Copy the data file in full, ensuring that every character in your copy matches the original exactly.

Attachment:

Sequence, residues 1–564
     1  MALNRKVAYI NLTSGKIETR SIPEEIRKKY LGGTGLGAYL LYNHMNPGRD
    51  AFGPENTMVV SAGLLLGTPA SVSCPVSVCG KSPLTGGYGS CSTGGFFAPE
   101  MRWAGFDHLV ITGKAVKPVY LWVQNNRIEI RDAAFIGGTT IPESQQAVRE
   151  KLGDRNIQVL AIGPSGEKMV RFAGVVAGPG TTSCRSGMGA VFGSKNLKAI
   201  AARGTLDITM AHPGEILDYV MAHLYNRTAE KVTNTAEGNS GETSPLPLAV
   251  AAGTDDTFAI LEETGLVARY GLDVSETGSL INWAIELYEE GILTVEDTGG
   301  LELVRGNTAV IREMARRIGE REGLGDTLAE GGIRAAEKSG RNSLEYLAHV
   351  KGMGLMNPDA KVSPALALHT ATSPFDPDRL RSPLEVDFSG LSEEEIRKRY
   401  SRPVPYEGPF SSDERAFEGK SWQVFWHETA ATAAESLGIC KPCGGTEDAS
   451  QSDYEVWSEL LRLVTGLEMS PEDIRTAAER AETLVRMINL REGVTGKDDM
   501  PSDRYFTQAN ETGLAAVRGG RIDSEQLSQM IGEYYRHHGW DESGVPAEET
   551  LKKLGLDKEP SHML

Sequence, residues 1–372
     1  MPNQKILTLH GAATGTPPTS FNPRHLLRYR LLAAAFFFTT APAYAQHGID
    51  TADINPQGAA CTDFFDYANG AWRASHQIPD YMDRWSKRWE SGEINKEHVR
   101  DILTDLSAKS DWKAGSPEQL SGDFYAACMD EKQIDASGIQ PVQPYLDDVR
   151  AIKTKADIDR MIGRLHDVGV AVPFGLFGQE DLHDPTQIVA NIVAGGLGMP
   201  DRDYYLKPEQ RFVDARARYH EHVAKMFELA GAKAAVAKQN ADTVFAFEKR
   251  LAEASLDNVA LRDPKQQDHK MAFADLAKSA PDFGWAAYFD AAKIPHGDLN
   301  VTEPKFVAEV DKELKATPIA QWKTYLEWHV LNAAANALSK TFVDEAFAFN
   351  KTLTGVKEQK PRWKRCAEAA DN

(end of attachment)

Sequence, residues 1–564
     1  MALNRKVAYI NLTSGKIETR SIPEEIRKKY LGGTGLGAYL LYNHMNPGRD
    51  AFGPENTMVV SAGLLLGTPA SVSCPVSVCG KSPLTGGYGS CSTGGFFAPE
   101  MRWAGFDHLV ITGKAVKPVY LWVQNNRIEI RDAAFIGGTT IPESQQAVRE
   151  KLGDRNIQVL AIGPSGEKMV RFAGVVAGPG TTSCRSGMGA VFGSKNLKAI
   201  AARGTLDITM AHPGEILDYV MAHLYNRTAE KVTNTAEGNS GETSPLPLAV
   251  AAGTDDTFAI LEETGLVARY GLDVSETGSL INWAIELYEE GILTVEDTGG
   301  LELVRGNTAV IREMARRIGE REGLGDTLAE GGIRAAEKSG RNSLEYLAHV
   351  KGMGLMNPDA KVSPALALHT ATSPFDPDRL RSPLEVDFSG LSEEEIRKRY
   401  SRPVPYEGPF SSDERAFEGK SWQVFWHETA ATAAESLGIC KPCGGTEDAS
   451  QSDYEVWSEL LRLVTGLEMS PEDIRTAAER AETLVRMINL REGVTGKDDM
   501  PSDRYFTQAN ETGLAAVRGG RIDSEQLSQM IGEYYRHHGW DESGVPAEET
   551  LKKLGLDKEP SHML

Sequence, residues 1–372
     1  MPNQKILTLH GAATGTPPTS FNPRHLLRYR LLAAAFFFTT APAYAQHGID
    51  TADINPQGAA CTDFFDYANG AWRASHQIPD YMDRWSKRWE SGEINKEHVR
   101  DILTDLSAKS DWKAGSPEQL SGDFYAACMD EKQIDASGIQ PVQPYLDDVR
   151  AIKTKADIDR MIGRLHDVGV AVPFGLFGQE DLHDPTQIVA NIVAGGLGMP
   201  DRDYYLKPEQ RFVDARARYH EHVAKMFELA GAKAAVAKQN ADTVFAFEKR
   251  LAEASLDNVA LRDPKQQDHK MAFADLAKSA PDFGWAAYFD AAKIPHGDLN
   301  VTEPKFVAEV DKELKATPIA QWKTYLEWHV LNAAANALSK TFVDEAFAFN
   351  KTLTGVKEQK PRWKRCAEAA DN